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Fujimori Lectures in Japan - 2002-01-10

Peru's former president, Alberto Fujimori, in self-imposed exile in Japan, broke months of isolation Thursday with a speech at a Tokyo university that has hired him as a part-time lecturer. Mr. Fujimori made scant reference to his legacy back in Lima, where he faces murder, extortion and other charges.

Peru's ex-president, speaking in Spanish before a crowd of 2,000 students, reporters and members of the public, portrays himself as a leader who destroyed terrorism in his country. During his lecture at Takushoku University, a video played on a huge screen showing graphic images atrocities allegedly committed by the Maoist Shining Path rebel movement, which Mr. Fujimori says he destroyed.

Mr. Fujimori is on an international wanted list, charged with corruption and sponsoring death squads. The only reference he made to the problems he left in Peru involved money donated by Japanese charities to build several thousand schools in Peru.

He says that he was criticized for how the money was used, but that he never kept any of it for himself.

Before his speech, a few dozen protesters, some of them Peruvian immigrants, waved banners outside the university gates, accusing him of being a criminal. But inside, Mr. Fujimori, the son of Japanese immigrants to Peru, received a warm reception. He was addressed as "sensei", an honorific meaning "teacher".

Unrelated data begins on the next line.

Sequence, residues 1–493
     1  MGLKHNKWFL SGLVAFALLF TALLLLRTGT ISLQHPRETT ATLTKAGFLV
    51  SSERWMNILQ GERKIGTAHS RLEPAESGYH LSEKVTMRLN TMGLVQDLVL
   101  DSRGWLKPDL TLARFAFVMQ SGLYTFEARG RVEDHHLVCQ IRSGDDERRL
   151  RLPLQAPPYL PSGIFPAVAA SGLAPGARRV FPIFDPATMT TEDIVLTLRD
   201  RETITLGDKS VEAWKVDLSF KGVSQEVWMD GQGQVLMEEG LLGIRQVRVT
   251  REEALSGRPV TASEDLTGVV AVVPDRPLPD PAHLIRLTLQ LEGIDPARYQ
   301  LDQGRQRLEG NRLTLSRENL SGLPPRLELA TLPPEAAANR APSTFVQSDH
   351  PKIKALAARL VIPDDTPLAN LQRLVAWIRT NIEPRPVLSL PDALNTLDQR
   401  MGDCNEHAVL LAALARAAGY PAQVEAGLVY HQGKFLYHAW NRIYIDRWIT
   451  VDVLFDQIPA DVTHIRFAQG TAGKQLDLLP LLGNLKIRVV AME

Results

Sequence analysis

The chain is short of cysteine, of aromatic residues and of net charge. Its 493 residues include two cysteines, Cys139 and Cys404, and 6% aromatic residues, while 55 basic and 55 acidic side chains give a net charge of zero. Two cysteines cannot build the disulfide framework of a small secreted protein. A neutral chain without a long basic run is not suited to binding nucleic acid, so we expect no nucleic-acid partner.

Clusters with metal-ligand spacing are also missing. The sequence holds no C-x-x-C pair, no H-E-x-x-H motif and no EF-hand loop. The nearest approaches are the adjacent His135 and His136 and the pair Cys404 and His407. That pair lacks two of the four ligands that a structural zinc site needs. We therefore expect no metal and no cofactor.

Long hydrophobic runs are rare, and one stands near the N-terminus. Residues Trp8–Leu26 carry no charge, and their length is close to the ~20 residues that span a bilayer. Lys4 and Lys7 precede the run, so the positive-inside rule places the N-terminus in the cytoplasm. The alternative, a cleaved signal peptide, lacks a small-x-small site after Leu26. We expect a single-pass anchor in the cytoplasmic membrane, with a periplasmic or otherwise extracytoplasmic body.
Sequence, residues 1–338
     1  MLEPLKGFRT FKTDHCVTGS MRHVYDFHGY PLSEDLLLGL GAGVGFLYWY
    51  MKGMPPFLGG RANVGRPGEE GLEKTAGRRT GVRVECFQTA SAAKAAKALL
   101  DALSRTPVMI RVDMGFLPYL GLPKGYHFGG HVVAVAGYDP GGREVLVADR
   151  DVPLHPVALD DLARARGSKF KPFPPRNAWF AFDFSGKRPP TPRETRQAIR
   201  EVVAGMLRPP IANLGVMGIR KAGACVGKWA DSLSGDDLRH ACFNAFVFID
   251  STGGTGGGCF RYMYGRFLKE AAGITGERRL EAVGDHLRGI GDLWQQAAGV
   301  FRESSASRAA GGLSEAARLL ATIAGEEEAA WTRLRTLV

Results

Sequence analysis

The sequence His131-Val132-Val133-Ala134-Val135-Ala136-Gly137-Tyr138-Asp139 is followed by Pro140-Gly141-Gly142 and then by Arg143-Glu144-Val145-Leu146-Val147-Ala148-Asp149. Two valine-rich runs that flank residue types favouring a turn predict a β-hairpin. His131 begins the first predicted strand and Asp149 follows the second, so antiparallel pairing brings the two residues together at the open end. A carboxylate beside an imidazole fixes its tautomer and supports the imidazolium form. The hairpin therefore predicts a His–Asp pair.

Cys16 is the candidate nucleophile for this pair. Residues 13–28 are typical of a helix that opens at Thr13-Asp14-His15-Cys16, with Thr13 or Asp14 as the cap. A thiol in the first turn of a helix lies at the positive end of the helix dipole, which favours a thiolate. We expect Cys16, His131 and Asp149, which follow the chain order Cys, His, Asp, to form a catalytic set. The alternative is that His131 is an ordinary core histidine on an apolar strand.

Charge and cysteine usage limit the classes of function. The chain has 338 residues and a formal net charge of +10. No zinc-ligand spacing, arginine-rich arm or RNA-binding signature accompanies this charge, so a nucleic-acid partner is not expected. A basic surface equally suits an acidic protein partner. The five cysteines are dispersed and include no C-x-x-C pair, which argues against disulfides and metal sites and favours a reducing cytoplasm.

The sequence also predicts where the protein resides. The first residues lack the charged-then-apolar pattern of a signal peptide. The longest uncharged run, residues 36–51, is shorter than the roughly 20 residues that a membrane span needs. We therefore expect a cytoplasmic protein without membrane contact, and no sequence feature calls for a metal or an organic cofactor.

A 22-year-old law student, Taichi Hirakwa, says he was swayed by what the former Peruvian leader said. Mr. Hirakawa says that although there has been criticism of Mr. Fujimori's administration, terrorism needs to be abolished. He thinks the former president is not a bad person.

At a news conference following the speech, the university, which has a long-standing interest in South America, defends the position it gave Mr. Fujimori. Professor Kazuo Ijiri, director of the school's Japan Cultural Research Department tells reporters that they are not in a position to judge Mr. Fujimori.

We have no intention to get involved in Peruvian politics, he said. We invited him here on the basis that he is now a Japanese citizen.

And that citizenship, granted to Mr. Fujimori after he resigned the presidency while in Japan, protects him from being extradited for crimes committed overseas.

Since arriving in Japan 14 months ago, Mr. Fujimori has been secluded in an upscale Tokyo residence.